There’s good reason why the likes of Dan Pink (Drive), Chris Guillebeau (The $100 Startup), Reid Hoffman (co-founder LinkedIn), Michael Hyatt (Platform) and a host of other smart people rave about Essentialism: The disciplined pursuit of less by Greg McKeown.
It’s a book worth learning from.
McKeown wraps together disciplines for better personal leadership, insights on employee engagement, strategies for corporate success, with tips on better decision making and smart living. It’s one of the few books I want to reread – even before I finish the last chapter.
Here’s my quick summary.
McKeown uses the term “Essentialism” to wrap together the best practices of mindfulness with smart planning. “The result is that by investing in fewer things we have the satisfying experience of making significant progress in the things that matter the most”
He breaks his approach to Essentialism into four parts:
1. Essence – getting down to what it means to move from “non-essentialist” to essentialism
2. Explore – this is where we assess and experiment with changing our patterns and habits to gain some essentialism magic in our work and lives
3. Eliminate – the ongoing practice of eliminating any and all low-value distractions that take us away from being truly effective
4. Execute – where the rubber hits the road with daily practices and small wins
1. Essence – what is the core mind-set of an Essentialist?
Choice is a central theme in Essentialism. Assessing your current reality and making hard choices so you are “…living by design, not by default.” If you have been reading my blog you will recognize The paradox of success. McKeown defines it as “The more success you get, the more distracted and unsuccessful you are.”
He boils the problem down to three issues:
• too many choices
• too much social pressure
• the idea that “you can have it all”
We want more, but we are poorly prepared to accept it when we get it. So we work harder, run faster, sleep less, and complain more. Our “pursuit of success can be the catalyst for [our] failure.”
In “How the mighty fall: and why some companies never give in”, Jim Collins refers to this as “…the undisciplined pursuit of more.”
Like Herb Kelleher famously refusing to add more services to Southwest Airlines flights, the Essentialist thinks almost everything is nonessential.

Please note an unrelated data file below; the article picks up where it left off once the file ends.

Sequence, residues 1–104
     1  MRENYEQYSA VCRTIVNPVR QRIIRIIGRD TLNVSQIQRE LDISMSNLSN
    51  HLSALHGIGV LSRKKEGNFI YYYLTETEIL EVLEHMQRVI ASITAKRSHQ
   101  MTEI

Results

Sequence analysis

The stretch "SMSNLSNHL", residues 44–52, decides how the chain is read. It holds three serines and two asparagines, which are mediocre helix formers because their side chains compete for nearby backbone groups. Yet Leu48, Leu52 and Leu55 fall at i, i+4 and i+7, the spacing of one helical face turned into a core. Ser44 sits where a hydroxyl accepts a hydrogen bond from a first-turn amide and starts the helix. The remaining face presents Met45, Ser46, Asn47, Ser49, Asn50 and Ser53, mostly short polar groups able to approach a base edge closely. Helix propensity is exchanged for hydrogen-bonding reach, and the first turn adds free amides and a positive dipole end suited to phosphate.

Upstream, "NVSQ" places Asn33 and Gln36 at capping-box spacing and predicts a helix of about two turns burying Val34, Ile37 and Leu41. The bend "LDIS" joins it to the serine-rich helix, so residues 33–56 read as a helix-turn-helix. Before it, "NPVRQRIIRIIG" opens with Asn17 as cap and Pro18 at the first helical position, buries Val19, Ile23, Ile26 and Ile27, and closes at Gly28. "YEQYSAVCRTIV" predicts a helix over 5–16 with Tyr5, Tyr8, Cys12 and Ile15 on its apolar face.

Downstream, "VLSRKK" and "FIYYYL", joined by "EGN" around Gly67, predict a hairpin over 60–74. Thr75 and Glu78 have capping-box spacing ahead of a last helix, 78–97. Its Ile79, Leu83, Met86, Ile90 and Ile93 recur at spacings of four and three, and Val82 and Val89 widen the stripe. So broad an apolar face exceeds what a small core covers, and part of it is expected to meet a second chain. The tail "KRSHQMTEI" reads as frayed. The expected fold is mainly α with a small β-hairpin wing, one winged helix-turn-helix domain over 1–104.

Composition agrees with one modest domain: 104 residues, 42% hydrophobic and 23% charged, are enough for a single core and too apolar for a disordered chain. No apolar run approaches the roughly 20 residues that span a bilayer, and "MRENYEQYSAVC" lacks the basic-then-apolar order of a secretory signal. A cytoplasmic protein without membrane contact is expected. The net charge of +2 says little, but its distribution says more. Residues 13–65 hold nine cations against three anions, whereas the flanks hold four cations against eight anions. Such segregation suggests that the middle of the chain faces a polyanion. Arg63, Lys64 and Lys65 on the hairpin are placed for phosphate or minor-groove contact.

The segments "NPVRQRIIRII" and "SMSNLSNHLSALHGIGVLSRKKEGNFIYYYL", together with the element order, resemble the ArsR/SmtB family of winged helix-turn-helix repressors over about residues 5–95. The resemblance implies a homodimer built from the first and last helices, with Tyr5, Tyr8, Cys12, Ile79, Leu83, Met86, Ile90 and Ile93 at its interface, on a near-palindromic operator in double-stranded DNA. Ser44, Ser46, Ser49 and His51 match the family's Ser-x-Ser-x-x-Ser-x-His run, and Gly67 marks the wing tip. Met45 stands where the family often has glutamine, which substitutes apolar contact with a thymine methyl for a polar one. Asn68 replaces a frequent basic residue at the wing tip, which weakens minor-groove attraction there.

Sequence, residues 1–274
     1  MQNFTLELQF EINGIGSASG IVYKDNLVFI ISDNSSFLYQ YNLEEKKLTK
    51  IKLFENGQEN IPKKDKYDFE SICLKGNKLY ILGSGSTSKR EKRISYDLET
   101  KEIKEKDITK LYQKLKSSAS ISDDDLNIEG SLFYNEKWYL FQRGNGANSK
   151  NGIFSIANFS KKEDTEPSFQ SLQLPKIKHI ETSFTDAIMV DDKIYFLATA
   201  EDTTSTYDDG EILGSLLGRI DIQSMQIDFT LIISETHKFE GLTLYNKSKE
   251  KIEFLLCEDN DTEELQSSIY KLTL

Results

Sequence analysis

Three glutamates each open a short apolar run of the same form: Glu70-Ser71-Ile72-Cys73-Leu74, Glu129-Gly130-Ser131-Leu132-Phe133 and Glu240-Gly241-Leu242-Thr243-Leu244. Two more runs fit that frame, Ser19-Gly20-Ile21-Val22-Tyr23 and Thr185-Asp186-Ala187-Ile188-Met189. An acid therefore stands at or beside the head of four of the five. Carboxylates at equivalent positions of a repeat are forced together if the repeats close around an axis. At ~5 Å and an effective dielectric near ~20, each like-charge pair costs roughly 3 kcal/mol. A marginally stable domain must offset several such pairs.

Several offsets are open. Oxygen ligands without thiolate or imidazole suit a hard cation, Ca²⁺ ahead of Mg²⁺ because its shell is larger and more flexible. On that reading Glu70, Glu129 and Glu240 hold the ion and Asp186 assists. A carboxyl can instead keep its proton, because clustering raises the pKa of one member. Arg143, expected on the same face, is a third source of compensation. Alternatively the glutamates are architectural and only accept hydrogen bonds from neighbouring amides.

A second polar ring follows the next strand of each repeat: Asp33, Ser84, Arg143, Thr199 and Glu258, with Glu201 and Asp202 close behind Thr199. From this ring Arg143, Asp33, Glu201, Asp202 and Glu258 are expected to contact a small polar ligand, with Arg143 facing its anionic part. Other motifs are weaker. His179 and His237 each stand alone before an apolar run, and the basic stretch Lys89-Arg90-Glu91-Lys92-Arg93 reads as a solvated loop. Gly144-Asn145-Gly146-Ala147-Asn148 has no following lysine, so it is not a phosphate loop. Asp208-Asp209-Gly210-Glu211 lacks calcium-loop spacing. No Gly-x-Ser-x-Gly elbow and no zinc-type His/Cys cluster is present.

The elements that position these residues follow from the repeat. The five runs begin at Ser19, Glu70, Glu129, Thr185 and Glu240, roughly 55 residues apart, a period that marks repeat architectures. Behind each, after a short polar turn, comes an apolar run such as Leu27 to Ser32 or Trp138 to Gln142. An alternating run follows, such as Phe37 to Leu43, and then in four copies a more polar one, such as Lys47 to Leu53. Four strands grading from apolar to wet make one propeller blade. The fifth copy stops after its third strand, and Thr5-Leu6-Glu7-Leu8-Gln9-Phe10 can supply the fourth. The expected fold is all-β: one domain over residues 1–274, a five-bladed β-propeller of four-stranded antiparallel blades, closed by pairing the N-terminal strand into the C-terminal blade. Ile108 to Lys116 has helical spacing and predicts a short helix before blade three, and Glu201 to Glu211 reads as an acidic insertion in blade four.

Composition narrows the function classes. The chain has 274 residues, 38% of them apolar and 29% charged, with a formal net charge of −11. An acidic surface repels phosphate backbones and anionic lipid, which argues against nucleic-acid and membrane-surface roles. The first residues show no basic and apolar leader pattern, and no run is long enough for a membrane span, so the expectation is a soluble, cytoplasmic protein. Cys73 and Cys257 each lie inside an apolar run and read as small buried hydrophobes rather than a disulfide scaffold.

“If you don’t prioritize your life, someone else will.”
McKeown recommends we fight hard to replace the three commonly entrenched assumptions: “I have to,” “It’s all important,” and “I can do both”
with: “I choose to,” “Only a few things really matter,” and “I can do anything but not everything.”
2. Explore – How can we discern the trivial many from the vital few?
The classic Eastern philosophy advice ‘do less to get more’ often falls deafly on our To-Do list mindset. We often blindly assume crossing more tasks off our list moves us forward. The opposite is true. Time to reflect and think is “critical to distinguishing what is actually a trivial diversion from what is truly essential.”
“Our highest priority is to protect our ability to prioritize.”
McKeown gives the example of the CEO who has all his 50 staff book off a full no-phone, no-email day for focus and planning. And Jeff Weiner, CEO of LinkedIn, who schedules two hours of blank space on his calendar every day.
“Being a journalist of your own life will force you to stop hyper-focusing on all the minor details and see the bigger picture”
Three suggestions for exploring Essentialism I liked are:
“I’m more alert and I think more clearly. I just feel so much better if I’ve had eight hours sleep” Jeff Bezos, CEO, Amazon.com
3. Get more sleep.
Malcolm Gladwell popularized the “10,000 hour rule” that separated the best performers (like the Beatles and violin virtuosos) from the just “good.” The lesser known distinction is that the best also slept the most (the best violinists slept on average 8.6 hrs – an hour more than their American counterparts).